It’s been amusing to read the punditry and the politicos, but particularly the politicos, as they try to find stones to throw at the Liberal Party’s strongly supported by the public position that now is not the right time to keep slashing corporate taxes.
One oft-repeated meme is that four years ago the Liberals supported corporate tax cuts, and so how dare they change their mind. This leads to one of the most oft-repeated, and lamest, charges in political “debate”: the flip flop.
Hearing this charge from the Conservatives on the right is one thing (not that they’ve never been known to change their minds on anything…) but it’s particularly amusing coming from the NDP, given that they also are opposed to further corporate tax cuts. But then again, they have a history of being angry when people agree with them, anger being a default position, although one that makes it difficult to “make parliament work."
When people make the “you supported it in 2007” argument as NDP strategist Brian Topp does today, and as Sun reporter David Akin did last week, they usually forget to add one useful thing: context.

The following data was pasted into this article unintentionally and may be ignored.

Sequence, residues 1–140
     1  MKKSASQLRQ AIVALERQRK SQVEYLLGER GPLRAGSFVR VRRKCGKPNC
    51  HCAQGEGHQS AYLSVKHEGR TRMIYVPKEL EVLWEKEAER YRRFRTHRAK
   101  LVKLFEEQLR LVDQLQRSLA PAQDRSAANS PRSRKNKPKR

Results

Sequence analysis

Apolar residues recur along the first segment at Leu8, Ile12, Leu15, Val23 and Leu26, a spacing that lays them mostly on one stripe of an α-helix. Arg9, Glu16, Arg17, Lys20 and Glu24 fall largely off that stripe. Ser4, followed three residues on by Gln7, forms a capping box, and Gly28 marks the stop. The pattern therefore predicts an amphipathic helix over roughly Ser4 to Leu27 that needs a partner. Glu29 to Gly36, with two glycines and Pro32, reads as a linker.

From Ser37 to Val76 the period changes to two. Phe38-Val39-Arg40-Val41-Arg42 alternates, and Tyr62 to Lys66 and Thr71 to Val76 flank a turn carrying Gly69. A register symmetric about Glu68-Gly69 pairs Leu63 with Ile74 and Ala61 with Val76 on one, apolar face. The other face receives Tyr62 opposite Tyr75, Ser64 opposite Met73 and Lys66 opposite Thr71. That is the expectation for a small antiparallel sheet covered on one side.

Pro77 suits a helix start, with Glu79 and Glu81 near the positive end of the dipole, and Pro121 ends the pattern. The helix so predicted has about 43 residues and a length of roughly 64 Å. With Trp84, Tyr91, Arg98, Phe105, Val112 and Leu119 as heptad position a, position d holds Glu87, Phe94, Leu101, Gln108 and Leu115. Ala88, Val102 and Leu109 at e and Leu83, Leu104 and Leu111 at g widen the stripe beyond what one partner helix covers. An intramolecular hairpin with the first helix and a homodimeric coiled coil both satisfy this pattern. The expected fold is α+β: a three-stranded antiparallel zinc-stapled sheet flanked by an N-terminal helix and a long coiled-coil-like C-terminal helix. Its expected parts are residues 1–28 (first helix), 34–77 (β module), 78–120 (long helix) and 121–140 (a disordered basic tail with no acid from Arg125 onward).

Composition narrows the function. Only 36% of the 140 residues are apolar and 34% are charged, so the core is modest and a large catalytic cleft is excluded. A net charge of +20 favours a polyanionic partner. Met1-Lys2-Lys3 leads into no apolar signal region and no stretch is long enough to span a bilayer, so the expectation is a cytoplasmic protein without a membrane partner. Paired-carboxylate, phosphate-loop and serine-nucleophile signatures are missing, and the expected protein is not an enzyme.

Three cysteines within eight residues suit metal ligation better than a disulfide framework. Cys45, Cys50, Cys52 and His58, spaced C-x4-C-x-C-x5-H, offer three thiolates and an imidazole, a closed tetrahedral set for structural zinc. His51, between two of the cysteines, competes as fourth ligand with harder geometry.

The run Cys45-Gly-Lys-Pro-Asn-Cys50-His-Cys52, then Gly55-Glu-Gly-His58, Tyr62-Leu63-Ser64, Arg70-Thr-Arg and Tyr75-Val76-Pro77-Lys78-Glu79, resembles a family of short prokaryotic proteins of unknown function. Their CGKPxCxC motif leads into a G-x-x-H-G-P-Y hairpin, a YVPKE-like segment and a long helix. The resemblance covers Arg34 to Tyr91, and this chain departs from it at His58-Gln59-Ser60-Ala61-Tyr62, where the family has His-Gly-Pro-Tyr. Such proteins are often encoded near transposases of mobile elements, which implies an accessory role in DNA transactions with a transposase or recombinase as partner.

Things are a lot different today than they were in 2007. The Ottawa Senators battled Anaheim in the Stanley Cup Finals. Pirates of the Caribbean: At World's End packed them in at the box office, and The Dixie Chicks cleaned-up at the Grammies.
Oh, and the Liberal Party had another leader and the federal budget projected a surplus for 2006/07 of $9.2 billion, and $3 billion for 2007/08.
In the context of 2007, with a healthy surplus, corporate tax cuts made sense as part of a program of targeted tax relief in other areas and other program investment. Which is what the Liberals campaigned on in 2008.
However, things are a little different today, aren’t they? We have a deficit of over $50 billion, and a host of more pressing priorities. And the Ottawa Senators are now a horrible hockey team. So in the current context, corporate tax cuts no longer make sense, particularly when you're talking about borrowing money and adding to the deficit to do it.
Things change, and we need our politicians to change along with them and adopt policy that suits the needs and challenges of the times, instead of being wedded to the policies of yesterday if they no longer make sense. That’s why government investment in telegraph infrastructure shouldn’t be a priority, why there’s no debate about a phonograph levy, and why we don’t need to tighten our border security to guard against Fenian raids.
Canadians want leaders with a plan for 2011; not critics still living in 2007.